Generally, it is difficult to attain plasma tip etches with uniformities better than 5%, with uniformities of 10%-20% being more common. This makes the "flat top" of an emitter tip etched using conventional methods vary in size. In addition, the oxidation necessary to "sharpen" or point the tip varies by as much as 20%, thereby increasing the possibility of non-uniformity among the various tips of an array.

Tip height and other critical dimensions suffer from the same effects on uniformity. Variations in the masking uniformity, and material to be etched compound the problems of etch uniformity.

Manufacturing environments require processes that produce substantially uniform and stable results. In the manufacture of an array of emitter tips, the tips should be of uniform height, aspect ratio, sharpness, and general shape, with minimum deviation, particularly in the uppermost portion.

SUMMARY OF THE INVENTION

The process of the present invention employs dry etching (also referred to as plasma etching) to fabricate sharp emitter tips. Plasma etching is the selective removal of material through the use of etching gases. It is a chemical process which uses plasma energy to drive the reaction. Those factors which control the precision of the etch include the temperature of the substrate, the time of immersion, the composition of the gaseous etchant, pressure, applied RF power, and etch hardware configuration.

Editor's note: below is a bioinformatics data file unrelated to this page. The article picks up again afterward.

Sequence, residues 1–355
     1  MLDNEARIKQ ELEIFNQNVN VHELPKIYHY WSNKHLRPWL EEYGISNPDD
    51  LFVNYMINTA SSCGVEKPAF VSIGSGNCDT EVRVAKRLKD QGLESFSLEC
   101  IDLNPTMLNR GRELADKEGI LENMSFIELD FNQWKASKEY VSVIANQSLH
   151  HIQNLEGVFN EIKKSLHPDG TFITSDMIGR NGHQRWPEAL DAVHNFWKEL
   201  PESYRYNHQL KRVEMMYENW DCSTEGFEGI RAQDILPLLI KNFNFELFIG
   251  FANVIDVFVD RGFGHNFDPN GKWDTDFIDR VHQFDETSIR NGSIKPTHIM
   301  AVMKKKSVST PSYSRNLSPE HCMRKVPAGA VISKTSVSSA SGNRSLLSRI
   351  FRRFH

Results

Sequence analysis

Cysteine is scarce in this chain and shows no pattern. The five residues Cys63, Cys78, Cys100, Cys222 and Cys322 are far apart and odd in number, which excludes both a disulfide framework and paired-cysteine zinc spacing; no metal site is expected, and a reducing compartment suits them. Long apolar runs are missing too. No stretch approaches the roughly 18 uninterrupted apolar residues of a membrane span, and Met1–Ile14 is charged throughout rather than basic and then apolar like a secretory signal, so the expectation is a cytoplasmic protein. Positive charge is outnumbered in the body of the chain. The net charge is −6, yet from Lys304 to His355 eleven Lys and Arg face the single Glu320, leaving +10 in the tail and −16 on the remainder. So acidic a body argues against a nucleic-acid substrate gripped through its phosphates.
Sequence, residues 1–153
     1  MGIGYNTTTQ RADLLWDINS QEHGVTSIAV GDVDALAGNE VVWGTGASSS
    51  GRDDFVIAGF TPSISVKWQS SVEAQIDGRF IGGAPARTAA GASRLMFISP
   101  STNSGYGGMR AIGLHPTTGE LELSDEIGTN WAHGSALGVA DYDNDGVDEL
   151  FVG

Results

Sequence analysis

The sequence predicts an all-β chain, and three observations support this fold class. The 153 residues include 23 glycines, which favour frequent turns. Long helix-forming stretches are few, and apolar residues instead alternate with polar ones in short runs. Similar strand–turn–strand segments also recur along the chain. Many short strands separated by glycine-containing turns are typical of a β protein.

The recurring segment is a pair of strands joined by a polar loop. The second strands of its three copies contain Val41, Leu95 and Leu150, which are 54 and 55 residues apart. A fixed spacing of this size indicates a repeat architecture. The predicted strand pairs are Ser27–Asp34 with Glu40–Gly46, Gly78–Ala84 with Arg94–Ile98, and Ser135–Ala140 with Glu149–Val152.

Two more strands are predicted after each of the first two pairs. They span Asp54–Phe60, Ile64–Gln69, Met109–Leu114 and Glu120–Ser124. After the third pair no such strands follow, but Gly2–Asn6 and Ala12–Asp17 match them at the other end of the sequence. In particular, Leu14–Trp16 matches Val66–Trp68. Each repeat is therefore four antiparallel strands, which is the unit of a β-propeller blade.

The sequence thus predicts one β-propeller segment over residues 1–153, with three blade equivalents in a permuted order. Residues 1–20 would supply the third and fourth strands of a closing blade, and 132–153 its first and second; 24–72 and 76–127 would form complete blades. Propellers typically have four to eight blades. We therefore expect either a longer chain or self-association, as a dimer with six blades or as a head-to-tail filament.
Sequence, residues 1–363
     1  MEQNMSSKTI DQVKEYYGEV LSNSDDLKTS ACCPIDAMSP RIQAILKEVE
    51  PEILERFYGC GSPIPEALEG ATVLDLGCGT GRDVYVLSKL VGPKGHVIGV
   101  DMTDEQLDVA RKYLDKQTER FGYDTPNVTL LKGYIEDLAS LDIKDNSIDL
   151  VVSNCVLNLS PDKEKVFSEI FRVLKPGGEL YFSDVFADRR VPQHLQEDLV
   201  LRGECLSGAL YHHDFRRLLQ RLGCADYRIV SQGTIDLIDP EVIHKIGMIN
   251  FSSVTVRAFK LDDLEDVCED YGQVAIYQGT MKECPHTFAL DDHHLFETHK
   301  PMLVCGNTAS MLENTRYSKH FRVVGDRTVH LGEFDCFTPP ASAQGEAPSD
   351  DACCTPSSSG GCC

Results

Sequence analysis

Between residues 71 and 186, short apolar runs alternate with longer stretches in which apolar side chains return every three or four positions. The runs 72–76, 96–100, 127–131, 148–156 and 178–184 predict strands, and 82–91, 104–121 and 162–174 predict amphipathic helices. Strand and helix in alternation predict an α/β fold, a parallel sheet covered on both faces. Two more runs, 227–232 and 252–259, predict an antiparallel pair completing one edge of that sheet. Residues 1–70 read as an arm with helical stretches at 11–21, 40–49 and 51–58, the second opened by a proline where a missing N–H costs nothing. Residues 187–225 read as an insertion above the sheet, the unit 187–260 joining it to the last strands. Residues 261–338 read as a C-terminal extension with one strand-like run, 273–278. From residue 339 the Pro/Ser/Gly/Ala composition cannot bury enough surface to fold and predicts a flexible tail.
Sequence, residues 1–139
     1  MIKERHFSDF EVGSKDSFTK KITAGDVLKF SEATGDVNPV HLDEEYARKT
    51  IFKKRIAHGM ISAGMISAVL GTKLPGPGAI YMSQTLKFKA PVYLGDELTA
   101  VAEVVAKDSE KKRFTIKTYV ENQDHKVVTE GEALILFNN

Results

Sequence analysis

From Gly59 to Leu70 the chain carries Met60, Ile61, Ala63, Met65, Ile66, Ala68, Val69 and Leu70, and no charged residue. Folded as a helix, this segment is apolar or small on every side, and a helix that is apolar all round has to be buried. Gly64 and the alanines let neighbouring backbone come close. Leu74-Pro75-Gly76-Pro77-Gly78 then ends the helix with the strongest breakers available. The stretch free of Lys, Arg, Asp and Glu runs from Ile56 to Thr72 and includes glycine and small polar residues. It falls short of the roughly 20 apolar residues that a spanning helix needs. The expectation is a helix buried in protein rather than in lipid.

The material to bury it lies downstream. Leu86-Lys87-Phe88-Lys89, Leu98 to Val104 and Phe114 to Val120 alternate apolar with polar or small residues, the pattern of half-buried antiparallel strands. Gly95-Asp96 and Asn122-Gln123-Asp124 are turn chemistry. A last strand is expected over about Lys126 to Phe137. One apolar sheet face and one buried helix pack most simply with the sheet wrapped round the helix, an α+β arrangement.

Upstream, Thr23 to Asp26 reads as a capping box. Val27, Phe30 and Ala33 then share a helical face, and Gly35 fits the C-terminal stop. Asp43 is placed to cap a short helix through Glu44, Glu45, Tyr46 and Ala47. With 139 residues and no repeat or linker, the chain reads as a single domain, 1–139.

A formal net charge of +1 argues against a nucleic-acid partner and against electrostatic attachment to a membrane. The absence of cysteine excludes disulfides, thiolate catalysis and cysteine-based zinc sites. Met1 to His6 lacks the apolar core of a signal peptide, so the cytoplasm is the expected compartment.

The mask layer is formed such that it exposes the silicon substrate, which silicon substrate is then etched to form the sharp emitter tips.

The process of the present invention can be used to produce sharp tips with relatively any given aspect ratio and height with a single step (in situ) or multi-step plasma dry etch process.